With EmEditor’s macro support, use popular scripting languages to write a macro to do almost anything you want within EmEditor. You can also record keystrokes that you use and reference repeatedly, write your own macros to manipulate other applications, Windows-based files, or network functionality.
- Write macros with popular script languages
- Define macros to record keystrokes and mouse operations
- Assign macros to keyboards and toolbar buttons
You can write a macro to do almost anything you want within EmEditor. You can define a macro to record keystrokes that you use and reference repeatedly. EmEditor can record and play keystrokes and mouse operations against other applications. You can even write your own macros to manipulate other applications, Windows-based files, or network functionality. This capability allows you to automate certain tasks on the Desktop, the browser, and your favorite applications. For developers, this ability can be used for testing applications. The Window Object includes properties that tell almost everything about the window, and the Windows Collection enumerates top-level windows or child windows for a certain window. The Shell Object sends keystroke and mouse activities and enumerates or finds top-level windows.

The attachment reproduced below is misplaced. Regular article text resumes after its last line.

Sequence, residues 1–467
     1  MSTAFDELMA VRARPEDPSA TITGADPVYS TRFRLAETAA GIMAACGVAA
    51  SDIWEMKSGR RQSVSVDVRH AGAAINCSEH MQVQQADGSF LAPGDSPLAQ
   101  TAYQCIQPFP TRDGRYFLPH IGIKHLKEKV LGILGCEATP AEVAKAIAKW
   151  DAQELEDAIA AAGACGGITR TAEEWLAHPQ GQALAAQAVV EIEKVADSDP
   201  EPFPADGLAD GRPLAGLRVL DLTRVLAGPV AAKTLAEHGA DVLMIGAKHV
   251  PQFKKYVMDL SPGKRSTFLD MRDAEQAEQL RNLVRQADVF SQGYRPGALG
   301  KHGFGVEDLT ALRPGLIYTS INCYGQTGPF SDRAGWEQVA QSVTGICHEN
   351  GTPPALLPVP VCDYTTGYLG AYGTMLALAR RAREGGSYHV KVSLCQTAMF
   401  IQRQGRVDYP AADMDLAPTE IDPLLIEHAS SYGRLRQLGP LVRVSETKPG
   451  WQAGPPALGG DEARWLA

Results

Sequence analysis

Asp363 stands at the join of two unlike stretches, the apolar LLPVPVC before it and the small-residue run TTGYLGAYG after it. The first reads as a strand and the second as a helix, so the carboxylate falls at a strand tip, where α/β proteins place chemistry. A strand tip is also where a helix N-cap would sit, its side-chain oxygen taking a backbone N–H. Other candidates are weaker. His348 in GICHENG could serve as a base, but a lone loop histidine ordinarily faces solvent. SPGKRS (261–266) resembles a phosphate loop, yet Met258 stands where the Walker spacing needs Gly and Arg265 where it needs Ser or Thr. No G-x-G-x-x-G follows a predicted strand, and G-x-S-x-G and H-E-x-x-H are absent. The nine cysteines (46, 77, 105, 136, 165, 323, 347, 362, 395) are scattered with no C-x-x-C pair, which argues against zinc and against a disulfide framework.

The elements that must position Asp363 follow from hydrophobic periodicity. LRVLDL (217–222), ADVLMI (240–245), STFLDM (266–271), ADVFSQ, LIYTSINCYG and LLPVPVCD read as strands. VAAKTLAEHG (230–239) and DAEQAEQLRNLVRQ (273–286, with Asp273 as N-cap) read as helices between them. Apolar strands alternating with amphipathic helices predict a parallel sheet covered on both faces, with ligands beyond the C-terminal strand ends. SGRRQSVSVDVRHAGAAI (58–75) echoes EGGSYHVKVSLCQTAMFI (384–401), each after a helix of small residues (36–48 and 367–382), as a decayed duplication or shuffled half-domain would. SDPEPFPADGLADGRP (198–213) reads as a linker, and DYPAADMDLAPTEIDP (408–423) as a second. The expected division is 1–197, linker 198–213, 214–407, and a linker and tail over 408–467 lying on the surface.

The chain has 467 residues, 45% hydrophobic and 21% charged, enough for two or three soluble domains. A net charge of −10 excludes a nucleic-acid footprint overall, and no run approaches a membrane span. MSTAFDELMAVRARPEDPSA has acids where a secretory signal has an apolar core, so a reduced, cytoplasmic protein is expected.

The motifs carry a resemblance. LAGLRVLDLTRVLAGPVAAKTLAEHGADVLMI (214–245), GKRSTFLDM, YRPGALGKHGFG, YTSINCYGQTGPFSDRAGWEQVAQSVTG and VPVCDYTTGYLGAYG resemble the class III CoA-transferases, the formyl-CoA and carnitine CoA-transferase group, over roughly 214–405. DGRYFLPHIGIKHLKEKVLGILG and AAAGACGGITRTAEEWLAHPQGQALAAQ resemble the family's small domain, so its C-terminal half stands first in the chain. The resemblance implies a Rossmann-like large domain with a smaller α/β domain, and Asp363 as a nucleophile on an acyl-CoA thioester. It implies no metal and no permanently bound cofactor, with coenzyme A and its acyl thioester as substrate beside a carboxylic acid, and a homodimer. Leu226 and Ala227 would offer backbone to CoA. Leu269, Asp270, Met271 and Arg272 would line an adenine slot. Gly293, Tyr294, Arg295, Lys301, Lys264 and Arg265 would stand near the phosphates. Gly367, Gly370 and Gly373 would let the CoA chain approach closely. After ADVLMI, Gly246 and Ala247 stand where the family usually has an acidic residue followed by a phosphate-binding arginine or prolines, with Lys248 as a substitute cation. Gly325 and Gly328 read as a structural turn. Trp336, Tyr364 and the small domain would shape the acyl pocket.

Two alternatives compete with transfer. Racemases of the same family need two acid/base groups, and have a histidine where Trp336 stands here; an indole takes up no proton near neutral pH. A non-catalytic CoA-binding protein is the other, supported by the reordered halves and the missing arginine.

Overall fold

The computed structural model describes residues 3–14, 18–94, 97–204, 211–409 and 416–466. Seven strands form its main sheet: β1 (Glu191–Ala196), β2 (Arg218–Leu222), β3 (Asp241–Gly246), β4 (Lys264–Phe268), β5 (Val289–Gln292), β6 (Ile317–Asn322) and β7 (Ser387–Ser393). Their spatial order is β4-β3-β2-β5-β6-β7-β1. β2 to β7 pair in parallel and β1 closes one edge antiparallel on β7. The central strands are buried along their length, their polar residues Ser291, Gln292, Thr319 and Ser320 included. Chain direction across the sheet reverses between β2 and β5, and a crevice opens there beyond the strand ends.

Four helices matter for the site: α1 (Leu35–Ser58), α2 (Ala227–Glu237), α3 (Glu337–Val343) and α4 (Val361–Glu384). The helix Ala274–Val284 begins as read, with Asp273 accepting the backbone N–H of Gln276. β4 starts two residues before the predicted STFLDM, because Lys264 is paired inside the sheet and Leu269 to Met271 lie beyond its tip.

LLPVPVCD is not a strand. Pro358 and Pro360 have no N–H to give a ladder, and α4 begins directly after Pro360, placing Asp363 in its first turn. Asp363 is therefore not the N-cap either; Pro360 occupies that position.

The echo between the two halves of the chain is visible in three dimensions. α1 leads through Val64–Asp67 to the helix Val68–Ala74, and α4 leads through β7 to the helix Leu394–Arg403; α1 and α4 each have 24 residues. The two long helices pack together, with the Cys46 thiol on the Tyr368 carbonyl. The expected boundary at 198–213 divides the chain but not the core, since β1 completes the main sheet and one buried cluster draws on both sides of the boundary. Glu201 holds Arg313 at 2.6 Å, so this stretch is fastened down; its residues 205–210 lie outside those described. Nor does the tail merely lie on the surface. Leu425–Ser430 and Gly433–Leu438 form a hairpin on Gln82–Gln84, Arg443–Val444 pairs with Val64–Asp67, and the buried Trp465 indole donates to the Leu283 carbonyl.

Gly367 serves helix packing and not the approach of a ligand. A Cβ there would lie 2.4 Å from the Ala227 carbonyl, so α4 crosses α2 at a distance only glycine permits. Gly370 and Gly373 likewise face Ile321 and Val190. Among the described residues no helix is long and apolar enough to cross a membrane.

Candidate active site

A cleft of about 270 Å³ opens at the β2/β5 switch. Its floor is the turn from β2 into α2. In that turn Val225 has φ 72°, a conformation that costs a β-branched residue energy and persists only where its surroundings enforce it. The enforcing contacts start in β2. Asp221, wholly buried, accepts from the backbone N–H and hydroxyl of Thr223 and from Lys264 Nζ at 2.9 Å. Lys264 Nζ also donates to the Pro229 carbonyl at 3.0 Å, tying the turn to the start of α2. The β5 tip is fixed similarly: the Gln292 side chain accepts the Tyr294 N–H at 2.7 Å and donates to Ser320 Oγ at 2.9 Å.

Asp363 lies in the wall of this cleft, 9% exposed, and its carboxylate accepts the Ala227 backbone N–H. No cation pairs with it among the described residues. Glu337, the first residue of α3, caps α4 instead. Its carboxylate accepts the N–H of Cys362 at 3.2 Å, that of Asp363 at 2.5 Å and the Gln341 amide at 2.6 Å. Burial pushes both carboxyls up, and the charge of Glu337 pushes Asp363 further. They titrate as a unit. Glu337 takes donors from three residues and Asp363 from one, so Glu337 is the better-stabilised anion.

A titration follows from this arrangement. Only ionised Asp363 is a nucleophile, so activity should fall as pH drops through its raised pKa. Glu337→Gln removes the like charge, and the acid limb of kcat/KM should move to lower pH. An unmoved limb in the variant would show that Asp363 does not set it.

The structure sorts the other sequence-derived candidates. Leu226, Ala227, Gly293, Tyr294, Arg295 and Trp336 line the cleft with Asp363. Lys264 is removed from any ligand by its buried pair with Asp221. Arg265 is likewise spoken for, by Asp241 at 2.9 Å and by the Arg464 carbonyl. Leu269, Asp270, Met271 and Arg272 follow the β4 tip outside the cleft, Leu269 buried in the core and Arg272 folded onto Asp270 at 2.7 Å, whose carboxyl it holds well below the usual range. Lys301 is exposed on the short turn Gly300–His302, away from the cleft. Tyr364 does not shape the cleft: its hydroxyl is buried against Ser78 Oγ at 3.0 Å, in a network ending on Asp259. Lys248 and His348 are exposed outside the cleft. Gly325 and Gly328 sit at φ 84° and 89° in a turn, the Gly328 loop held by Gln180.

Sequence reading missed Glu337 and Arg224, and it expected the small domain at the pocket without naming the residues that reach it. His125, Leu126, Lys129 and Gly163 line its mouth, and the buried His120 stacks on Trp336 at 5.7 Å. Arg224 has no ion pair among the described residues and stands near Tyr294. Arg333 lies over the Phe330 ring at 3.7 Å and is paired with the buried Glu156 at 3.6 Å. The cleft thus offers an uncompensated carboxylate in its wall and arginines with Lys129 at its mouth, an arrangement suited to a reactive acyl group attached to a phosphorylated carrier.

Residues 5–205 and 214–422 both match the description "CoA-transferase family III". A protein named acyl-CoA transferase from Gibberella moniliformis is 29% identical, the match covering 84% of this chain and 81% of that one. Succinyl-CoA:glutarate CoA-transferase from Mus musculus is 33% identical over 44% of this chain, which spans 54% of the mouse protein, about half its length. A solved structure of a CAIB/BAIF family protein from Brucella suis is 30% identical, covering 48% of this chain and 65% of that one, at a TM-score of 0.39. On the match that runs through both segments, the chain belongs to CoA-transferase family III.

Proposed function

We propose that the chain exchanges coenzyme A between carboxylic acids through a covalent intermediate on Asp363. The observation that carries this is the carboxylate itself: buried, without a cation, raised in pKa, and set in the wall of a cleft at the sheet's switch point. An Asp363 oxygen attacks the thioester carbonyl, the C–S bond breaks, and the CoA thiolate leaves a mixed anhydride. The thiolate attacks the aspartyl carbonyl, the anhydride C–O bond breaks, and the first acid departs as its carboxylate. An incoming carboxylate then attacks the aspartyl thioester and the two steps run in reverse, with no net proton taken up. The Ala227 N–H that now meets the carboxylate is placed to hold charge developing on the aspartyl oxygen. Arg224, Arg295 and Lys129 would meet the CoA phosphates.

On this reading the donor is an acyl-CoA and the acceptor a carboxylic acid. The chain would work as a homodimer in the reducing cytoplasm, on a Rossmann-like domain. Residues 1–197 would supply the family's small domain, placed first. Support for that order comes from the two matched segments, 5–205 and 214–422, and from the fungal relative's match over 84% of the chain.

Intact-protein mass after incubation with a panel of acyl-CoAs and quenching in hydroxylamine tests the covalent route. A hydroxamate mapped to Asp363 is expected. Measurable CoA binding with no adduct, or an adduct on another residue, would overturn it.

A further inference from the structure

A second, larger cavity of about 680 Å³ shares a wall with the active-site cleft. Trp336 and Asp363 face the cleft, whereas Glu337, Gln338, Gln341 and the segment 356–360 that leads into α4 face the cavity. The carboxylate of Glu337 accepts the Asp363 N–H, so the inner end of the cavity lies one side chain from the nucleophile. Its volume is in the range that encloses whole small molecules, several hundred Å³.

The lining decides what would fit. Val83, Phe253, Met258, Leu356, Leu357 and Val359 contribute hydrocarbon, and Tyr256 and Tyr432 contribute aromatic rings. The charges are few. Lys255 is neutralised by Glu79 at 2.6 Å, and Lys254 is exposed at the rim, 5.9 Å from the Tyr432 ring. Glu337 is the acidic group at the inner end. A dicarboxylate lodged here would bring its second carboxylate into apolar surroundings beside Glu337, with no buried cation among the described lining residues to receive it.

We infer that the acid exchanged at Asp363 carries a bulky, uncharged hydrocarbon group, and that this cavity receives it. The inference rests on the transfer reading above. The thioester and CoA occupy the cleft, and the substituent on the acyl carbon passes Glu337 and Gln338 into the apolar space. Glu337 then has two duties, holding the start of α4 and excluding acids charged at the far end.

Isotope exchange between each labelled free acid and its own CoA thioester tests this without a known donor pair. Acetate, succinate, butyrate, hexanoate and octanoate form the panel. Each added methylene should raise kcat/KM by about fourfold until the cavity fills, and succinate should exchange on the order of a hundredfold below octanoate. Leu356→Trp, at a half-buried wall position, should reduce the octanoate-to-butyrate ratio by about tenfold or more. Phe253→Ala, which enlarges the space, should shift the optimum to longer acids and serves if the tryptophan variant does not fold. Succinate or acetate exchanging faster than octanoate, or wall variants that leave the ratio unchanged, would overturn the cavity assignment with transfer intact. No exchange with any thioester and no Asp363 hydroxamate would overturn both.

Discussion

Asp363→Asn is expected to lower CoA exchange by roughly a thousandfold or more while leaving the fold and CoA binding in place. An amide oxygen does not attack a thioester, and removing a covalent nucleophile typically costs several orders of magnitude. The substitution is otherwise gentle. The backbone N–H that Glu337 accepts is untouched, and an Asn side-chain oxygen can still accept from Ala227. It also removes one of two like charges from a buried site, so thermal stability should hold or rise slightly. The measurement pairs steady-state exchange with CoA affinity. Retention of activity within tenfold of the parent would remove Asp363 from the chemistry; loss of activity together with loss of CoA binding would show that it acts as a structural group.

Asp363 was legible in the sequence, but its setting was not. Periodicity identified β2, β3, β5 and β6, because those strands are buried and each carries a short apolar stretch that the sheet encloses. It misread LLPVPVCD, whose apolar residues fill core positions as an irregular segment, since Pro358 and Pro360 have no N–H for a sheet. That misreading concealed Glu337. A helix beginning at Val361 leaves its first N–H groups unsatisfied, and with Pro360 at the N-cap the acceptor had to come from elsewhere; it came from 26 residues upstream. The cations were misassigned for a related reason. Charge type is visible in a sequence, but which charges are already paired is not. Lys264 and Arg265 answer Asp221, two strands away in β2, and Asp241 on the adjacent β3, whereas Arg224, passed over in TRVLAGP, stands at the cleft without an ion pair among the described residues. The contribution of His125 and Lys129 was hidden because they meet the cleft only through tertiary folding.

By default, EmEditor automatically adds a macro that has been recorded and saved, to My Macros. All defined My Macros are displayed in a macro toolbar. To view and customize My Macros, select the Customize Macros command on the Macros drop down menu. You can choose to create a new macro, delete a macro, change the order of My Macros, and edit a selected macro. You can also specify if particular macros Run at Events, as well as define those Events and how long their delay times are. If you don’t want your macros to be automatically added to My Macros, select the Customize Macros command from the Macros menu. The macro feature includes a drop down menu and customizable toolbar buttons.
With the V8 engine, you can use the latest features under the ECMAScript standards, given that your Edge browser supports them. This means that your macro can use the
let keywords, the Set collection, and more. You can also import compatible libraries.